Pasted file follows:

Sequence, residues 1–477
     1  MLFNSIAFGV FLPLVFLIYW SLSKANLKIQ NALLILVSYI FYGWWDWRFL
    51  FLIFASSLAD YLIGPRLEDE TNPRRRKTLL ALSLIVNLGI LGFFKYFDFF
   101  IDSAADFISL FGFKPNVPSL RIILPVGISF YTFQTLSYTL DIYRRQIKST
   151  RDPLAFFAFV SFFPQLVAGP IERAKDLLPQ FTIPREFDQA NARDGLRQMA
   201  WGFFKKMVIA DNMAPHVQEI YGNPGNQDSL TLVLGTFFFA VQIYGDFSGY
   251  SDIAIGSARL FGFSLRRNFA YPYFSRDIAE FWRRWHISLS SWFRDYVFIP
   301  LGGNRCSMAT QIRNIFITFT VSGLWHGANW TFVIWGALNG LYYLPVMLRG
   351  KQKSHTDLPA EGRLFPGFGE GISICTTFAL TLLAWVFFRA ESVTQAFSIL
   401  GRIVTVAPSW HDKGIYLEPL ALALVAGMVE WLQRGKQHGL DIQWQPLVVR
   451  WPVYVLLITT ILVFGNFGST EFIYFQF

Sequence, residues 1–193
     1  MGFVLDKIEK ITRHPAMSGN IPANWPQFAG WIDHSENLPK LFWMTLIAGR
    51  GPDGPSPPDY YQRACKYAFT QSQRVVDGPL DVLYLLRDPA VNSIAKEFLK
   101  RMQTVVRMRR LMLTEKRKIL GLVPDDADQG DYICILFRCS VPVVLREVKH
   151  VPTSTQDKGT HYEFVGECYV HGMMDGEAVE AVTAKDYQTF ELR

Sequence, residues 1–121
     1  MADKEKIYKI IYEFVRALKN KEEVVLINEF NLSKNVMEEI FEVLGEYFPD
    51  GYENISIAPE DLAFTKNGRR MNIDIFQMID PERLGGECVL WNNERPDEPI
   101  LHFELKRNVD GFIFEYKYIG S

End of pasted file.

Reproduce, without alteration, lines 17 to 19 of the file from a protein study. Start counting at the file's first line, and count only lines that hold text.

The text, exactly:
Sequence, residues 1–121
     1  MADKEKIYKI IYEFVRALKN KEEVVLINEF NLSKNVMEEI FEVLGEYFPD
    51  GYENISIAPE DLAFTKNGRR MNIDIFQMID PERLGGECVL WNNERPDEPI